Dead Beat

Sad news that David Markson has passed away. Posted below is a text derived from one of his early books. About fifty years ago, Markson wrote a pair of hard-boiled detective novels set in Greenwich Village, Epitaph for a Tramp and Epitaph for a Dead Beat. The books read like beat-flavored Spillane, and within the private eye character of Harry Fannin you can see the beginnings of the voice, form, and preoccupations of Markson’s later innovative novels, Readers Block, Vanishing Point, This is Not a Novel, and The Last Novel. “Dead Beat” is an excised narrative that examines Markson’s core themes: literature, art, music, philosophy, pop culture, sex, and death.

A text derived from Epitaph for a Dead Beat, David Markson, 1961

The building was ancient, brick, and its glass vestibule door was open.

This is Harry Fannin. Home all alone. He was on a narrow disheveled bed, on his back. One of his shoes was off, and there as a rip in the heel of his blue sock. He was also handsome, although in a sallow sort of way.

The building was as quiet as a sunken ship. Everything was scarred, dilapidated. The bed unmade, and a week’s filthy laundry flung around the floor, looking like soggy flotsam on an unswept strand. There were thousands of books. A console phonograph was fairly new, and there were at least two hundred records stacked near it. There was a complex radio mechanism, and there was a tape recorder.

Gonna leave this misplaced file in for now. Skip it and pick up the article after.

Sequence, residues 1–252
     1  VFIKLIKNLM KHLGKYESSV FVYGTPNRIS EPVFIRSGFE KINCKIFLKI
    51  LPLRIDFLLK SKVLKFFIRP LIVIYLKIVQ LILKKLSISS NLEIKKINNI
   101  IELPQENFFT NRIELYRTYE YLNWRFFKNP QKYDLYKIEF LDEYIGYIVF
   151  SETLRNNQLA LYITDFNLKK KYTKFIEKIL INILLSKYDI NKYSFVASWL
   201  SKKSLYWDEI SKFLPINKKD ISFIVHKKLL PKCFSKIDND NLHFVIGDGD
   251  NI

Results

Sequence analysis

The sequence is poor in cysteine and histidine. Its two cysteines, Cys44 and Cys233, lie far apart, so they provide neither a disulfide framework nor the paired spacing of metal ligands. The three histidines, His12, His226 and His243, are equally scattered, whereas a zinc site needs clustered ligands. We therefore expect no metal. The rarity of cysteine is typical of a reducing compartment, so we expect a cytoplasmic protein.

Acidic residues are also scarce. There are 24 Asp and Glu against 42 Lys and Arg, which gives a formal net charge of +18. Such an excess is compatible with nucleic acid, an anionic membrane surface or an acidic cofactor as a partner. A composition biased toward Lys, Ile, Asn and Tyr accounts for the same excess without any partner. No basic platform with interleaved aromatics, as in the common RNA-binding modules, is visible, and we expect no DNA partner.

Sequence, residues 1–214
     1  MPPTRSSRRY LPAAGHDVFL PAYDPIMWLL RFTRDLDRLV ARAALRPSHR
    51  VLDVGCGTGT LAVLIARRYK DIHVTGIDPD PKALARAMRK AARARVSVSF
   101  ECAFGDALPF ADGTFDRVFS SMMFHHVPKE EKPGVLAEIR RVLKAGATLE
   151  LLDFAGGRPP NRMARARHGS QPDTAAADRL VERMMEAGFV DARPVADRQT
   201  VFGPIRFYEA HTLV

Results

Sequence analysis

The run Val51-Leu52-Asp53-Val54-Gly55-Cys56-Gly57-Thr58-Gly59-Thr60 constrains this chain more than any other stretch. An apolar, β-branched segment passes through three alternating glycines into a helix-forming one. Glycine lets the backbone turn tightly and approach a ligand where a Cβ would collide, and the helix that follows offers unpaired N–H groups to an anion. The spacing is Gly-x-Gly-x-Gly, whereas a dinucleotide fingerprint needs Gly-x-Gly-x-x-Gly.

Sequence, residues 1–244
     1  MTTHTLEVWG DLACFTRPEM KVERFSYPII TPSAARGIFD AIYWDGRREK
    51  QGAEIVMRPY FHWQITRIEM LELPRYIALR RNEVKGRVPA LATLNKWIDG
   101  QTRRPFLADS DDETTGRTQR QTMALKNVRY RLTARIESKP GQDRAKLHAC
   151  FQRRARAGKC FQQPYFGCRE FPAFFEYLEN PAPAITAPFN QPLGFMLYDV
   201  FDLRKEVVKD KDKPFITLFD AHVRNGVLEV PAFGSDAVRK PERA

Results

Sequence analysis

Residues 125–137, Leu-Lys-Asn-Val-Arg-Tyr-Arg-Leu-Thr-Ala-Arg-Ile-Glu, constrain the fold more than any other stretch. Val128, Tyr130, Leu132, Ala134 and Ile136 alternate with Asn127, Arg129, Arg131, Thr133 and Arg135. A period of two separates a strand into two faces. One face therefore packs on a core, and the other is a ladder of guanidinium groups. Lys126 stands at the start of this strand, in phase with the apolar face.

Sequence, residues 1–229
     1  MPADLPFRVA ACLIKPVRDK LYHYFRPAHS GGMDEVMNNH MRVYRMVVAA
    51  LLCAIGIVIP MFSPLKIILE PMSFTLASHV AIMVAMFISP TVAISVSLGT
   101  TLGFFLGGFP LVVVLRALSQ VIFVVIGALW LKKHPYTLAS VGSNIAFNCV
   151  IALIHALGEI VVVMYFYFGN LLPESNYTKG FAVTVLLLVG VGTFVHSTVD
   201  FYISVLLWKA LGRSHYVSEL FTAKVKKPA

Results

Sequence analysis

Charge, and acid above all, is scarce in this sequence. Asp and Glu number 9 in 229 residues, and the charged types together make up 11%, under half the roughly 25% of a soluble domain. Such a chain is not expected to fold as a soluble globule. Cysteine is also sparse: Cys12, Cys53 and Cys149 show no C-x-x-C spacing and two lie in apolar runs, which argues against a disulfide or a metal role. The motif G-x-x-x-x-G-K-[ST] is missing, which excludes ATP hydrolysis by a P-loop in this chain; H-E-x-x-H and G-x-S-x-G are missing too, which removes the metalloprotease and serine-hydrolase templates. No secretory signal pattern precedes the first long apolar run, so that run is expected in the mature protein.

The human eye isn’t constructed to see around corners.

She glided to the bed, naked as a reptile. She giggled absurdly. She was as luxuriously molded as the hull of a yacht. She had a few more pounds of it than the boys in the fashion business would have allowed, but then the same boys would design a blanket roll without ever spending a night in the woods.

This is Fannin. Stiff as Nebuchadnezzar’s femur.

It was folded into a small tube of white tissue, and she had difficulty unwrapping it. Finally she held out the thin marijuana reefer. The way she did it would have made it acceptable at a D.A.R. meeting.